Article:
When you walk past a nightclub with a line snaking around the corner, what’s your first thought? I bet it’s something along the lines of “Wow, that place looks bumpin’- I should get in line immediately!” right? Well, nightclub promoters know that’s how you’ll think, which is why they keep clubgoers waiting outside, even if the club isn’t packed. It’s called social proof and it’s not just for the nightlife industry. It’s a social psych concept that businesses- and individuals- incorporate into their marketing and promotion strategies to show potential clients, subscribers, and even bosses how great everyone else thinks they are. Those websites that tell you how many email subscribers they have on their list? Social proof. Someone advertising their Klout score? Social proof. Canned laugh tracks on TV shows? Yup- social proof!
Lucky for you, you can use social proof to enhance your personal branding to get a job or build a side business. For simplicity’s sake, we’ll break the process into four phases: brainstorming, doing, gathering, and broadcasting.
Let’s say that you’re searching for a role in design. Someone comes along and tells that you’re a fantastic writer- while it’s a great compliment, it’s not terribly relevant. So, before gathering and broadcasting social proof, you need to have a very clear sense of what you’re looking for.
If you’re a writer great feedback on your blog posts, email newsletter content, or your e-book would be timely and relevant. If you’re shooting for a role in design, compliments on your Pinterest boards, email newsletter layouts, or Photoshop skills would be more fitting.
So, first brainstorm the qualities and skills that you would like to demonstrate through social proof, then think about ways that you can publicly show these talents- maybe it’s through designing an Infographic, managing the Twitter account for a local non-profit, or putting together an email series on a topic that interests you.
Now, do those things- simple, huh? Offer to speak to a college class. Write a guest post for an interesting blog. Put together a cool site on WordPress. Design funky social media icons. Make a helpful worksheet.
Some positive feedback rolls in naturally, while some requires more finagling and prompting. Remember- it’s often easy to overlook positive feedback. For example, if you get mentioned in a nice tweet, you may be thankful but I’ll bet you forget about that tweet pretty quickly. Begin the gathering process by always being on the lookout for great feedback coming your way and filing it away somewhere- I put most notes in Evernote and then add a “Testimonial” tab to any positive incoming emails to refer to later. Don’t forget to monitor email, social media, blog comments, and LinkedIn recommendations!
Don’t be afraid to reach out to people for feedback! I do this by creating Google Forms for every webinar, seminar, coaching call, or client project I do and sending them out with my follow up notes.
Think hard about who has seen your work in the past: a former boss that you keep in touch with? A colleague? A professor? Someone you did pro bono work for? Ask them for a testimonial- and be sure to ask if you can include their name, URL, and even their photo (it adds a more human element to testimonials).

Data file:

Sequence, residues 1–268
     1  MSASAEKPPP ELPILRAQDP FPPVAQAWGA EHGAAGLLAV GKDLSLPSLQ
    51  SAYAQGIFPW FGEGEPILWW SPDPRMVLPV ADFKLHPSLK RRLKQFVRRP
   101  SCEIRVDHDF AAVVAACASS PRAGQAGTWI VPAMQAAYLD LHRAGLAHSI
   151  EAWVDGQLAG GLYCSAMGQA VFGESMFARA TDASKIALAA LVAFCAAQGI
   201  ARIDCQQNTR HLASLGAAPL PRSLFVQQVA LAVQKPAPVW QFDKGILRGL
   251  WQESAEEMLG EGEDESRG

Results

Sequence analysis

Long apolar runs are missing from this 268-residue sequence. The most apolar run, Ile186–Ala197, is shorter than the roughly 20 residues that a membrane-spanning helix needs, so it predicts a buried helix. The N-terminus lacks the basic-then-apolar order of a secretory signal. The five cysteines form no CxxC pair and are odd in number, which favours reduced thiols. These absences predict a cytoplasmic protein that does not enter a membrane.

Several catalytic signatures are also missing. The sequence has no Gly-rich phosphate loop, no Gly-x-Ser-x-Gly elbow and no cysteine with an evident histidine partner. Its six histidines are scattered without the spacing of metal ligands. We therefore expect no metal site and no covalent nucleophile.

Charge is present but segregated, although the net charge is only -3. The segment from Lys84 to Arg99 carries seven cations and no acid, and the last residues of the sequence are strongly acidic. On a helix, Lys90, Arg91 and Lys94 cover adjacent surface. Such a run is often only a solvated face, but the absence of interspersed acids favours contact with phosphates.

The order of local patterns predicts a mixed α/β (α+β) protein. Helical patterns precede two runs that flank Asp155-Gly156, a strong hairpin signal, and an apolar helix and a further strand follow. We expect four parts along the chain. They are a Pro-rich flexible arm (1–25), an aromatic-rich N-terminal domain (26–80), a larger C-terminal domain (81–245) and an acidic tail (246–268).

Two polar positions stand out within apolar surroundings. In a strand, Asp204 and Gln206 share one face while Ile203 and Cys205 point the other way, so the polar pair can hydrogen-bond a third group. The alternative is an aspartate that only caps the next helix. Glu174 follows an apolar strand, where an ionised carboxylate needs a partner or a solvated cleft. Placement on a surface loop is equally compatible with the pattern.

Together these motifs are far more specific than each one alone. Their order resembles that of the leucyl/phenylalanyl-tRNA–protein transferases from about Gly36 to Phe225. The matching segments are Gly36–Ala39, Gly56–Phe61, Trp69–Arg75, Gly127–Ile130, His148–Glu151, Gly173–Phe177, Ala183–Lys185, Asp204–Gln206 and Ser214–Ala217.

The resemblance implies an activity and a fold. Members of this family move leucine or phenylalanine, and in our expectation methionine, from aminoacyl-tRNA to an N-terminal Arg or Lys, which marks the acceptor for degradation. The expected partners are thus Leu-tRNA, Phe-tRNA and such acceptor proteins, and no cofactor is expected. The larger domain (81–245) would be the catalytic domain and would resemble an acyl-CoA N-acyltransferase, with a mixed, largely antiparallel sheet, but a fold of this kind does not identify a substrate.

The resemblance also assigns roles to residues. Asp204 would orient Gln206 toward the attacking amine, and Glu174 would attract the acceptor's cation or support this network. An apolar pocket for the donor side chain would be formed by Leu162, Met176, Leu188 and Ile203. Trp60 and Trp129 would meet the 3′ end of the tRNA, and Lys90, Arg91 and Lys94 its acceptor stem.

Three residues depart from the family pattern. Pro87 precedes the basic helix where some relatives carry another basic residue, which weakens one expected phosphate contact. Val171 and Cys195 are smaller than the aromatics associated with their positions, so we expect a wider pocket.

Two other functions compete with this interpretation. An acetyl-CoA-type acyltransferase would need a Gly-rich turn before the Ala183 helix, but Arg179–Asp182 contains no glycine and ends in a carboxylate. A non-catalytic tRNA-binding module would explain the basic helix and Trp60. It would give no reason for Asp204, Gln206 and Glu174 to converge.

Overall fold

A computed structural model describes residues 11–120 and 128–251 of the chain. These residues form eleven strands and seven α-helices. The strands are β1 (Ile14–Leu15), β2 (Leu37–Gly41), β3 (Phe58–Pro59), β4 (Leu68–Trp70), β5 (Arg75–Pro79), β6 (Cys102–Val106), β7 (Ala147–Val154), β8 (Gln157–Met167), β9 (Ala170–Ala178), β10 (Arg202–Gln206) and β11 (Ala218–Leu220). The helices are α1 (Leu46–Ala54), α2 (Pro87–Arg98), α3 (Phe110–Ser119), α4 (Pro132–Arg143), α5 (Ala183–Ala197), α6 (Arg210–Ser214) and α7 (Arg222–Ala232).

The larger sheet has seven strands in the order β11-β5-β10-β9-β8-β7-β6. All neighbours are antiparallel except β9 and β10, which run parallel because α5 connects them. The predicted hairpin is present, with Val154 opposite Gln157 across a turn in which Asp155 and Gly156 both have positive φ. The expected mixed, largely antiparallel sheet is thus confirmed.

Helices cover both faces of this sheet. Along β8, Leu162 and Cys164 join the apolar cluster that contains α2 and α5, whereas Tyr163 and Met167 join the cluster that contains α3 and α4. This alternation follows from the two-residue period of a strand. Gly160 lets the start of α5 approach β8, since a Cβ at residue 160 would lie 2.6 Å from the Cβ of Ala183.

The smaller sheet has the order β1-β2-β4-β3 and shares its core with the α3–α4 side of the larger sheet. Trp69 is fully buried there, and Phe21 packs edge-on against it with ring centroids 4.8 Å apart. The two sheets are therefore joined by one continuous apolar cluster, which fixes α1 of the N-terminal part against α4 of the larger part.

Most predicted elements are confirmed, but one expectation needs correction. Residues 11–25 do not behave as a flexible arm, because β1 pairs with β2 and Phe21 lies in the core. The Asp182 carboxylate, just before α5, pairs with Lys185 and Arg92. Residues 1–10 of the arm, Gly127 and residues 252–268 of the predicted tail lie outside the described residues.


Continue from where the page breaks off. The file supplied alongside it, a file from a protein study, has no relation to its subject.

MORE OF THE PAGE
Lastly, when asking for testimonials, remember that you control the quality. Share relevant information and updates and request detailed, specific feedback that focuses on the effect of your work, not just the facts.
There are simple ways to broadcast positive social proof online- you could retweet something nice on Twitter, create a Facebook post for a testimonial, and call attention to a new LinkedIn recommendation.
I like to take it a step further by highlighting all social proof on my website in several places. I have a Featured On page that highlights all of the guest posts or interviews I’ve done- if these awesome sites are letting me take up their precious real estate, it must mean I’m respected, right?
I also recommend creating a social proof page on your blog or website- on my site One Woman Shop, we call it a Praise Page, but you can also call it simply a Press Page, a Testimonial Page, or something a bit catchier. On WordPress, use a testimonials plugin to make this process easy and aesthetically pleasing or use Storify to build a multi-media testimonial page.
A few other suggestions: consider including a link to your “social proof page” in your email signature or on your resume.
Not so hard, right? All it takes is a bit of forethought, some doing of great things, and the diligence and patience to gather and broadcast the positive social proof that you deserve.
About the Author Cristina Roman is the founder of CMR Strategies, where she offers digital marketing consulting, career and business coaching, and productivity seminars. She also runs One Woman Shop, a resource site and community for female solopreneurs and freelancers. You can find her on Twitter (her favorite!) Facebook, or LinkedIn or join her (always super scintillating) email list here.